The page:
I fell in love with all of it. And I learned how to do more than take pretty pictures. I learned to look through the lens of the camera in a way that made me pay much closer attention to the details of my surroundings: to light and pattern, to gesture and movement. I learned to engage people - to appreciate them - in a manner that made the camera a way to connect with others and not simply "snap" their picture.

I looked through windows and doors and patiently watched to see the pictures they made. I even became so taken with the changing view out one of the bathroom windows in one of the estate's farmhouses, that I wound up with dozens of pictures, taken at all hours of the day, documenting changes in the light, the sky, and the activity of people at work.

I spent hours watching and listening, adapting to the rhythm of a life where families still come first, where the land's presence is so palpable that it becomes a welcome, though silent, companion.

The structure of Meyerowitz's workshop allowed for hours of individual and group exploration of Buonconvento and surrounding villages that are in guidebooks - places like Bagno Vignoni, a medieval spa town with a pool built by the Medicis; Pienza, with its grand square redesigned in Renaissance times by Pope Pius II; and Sant' Antimo, an ancient abbey still tended by Augustinian monks. The architecturally stunning cities of Siena and San Gimi- gnano are also within a short drive.

It is all amazing sightseeing, but I found it meant much more to me with daily photographic workshops to guide my eye. Meyerowitz was a generous teacher, always available to students and always calling attention to some detail of our surroundings. Small group sessions included landscape photography and street photography - literally, learning to work on the street, to be comfortable and observant enough to shoot candid pictures of people and the human details of daily life.

In addition to almost nightly slide shows of the class's work (thanks to a local photography place that turned film around with 24 hours), each student had a 45-minute one-on-one evaluation session, in which Meyerowitz pointed out strengths and weaknesses.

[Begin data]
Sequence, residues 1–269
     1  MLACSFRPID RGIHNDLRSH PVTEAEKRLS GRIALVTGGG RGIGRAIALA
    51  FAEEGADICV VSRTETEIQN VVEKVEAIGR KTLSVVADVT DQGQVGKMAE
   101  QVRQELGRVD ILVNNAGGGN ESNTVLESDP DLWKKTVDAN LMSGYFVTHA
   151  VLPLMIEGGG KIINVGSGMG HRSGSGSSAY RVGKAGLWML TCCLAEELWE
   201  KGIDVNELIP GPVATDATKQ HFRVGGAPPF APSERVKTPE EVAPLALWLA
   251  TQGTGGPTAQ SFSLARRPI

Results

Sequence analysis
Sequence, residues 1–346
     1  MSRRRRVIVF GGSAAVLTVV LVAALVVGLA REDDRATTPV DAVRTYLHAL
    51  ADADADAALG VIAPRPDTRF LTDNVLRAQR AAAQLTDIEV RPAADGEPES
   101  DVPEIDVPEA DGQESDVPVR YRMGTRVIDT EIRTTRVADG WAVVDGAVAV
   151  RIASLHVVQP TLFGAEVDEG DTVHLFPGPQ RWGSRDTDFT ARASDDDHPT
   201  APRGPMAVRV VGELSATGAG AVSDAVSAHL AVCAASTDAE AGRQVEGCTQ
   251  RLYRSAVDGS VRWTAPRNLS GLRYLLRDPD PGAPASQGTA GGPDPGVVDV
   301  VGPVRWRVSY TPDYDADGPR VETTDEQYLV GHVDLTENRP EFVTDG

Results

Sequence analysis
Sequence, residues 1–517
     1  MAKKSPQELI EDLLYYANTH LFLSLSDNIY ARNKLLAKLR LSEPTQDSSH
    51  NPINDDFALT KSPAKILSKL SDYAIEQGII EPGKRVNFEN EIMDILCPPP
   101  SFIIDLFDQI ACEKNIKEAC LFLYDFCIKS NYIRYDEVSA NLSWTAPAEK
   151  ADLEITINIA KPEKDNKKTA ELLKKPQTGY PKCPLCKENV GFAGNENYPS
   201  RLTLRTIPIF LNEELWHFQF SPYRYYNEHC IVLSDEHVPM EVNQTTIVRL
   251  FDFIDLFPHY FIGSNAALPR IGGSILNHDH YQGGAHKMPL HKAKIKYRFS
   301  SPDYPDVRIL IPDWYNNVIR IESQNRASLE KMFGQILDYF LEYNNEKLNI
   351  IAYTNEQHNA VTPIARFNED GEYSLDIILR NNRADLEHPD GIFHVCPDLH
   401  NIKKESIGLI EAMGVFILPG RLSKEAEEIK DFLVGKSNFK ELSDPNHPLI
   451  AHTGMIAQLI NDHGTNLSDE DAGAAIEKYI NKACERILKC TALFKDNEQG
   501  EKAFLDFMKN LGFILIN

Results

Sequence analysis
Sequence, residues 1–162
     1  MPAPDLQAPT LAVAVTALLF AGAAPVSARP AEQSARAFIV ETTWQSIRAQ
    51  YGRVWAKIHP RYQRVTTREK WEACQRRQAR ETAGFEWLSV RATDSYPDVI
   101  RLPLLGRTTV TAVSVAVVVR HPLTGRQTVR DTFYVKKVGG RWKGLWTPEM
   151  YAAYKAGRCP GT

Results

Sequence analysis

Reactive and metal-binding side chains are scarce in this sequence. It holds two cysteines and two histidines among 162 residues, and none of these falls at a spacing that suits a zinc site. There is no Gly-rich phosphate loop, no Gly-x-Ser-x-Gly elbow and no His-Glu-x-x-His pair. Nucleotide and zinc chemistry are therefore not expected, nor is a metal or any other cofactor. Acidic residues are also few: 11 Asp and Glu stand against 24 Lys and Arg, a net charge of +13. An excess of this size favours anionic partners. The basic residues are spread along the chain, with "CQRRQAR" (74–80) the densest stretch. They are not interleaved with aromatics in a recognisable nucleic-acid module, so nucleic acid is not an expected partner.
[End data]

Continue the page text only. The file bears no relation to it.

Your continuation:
Back for more

Two weeks, as it turned out, wasn't enough for me. I went back to Castelnuovo Tancredi in August, to continue shooting pictures and to observe the classes held by Toscana Photographic Workshops, which are $1,250 per week including accommodations, meals, and classes.

The pace was different - more intense because the learning is packed into one short week. But the instruction was far more varied, with three teachers per week and only three or four students working with each. And unlike Meyerowitz's workshop, which used only color slides, these sessions offer instruction in color, black-and-white, and darkroom techniques. There are also beginner classes.

During the time I was there, teachers included David Alan Harvey, a National Geographic staff photographer; Jim Goldberg, author of "Raised by Wolves," a multimedia portrait of teenagers who live on the streets; and Jim Megargee, a photographer and darkroom expert who prints work for some of New York's top photographers, including Annie Leibovitz.

Although I didn't actually take a class in August, I saw enough to know that I'll be heading back this year for one or two sessions. In fact, I have been planning my return trip almost since the day I left last summer.

It's true. I'm hooked. On the photography. On the land. Most of all, on the people.

* For more information: Joel Meyerowitz, Tuscany Color Photography Workshop, 20 Bethune St. #3D, New York, NY 10014, phone (212) 366-0601 or e-mail:

jmworks@angelnet.net; Toscana Photographic Workshops, e-mail: rob2335@iperbole.bologna.it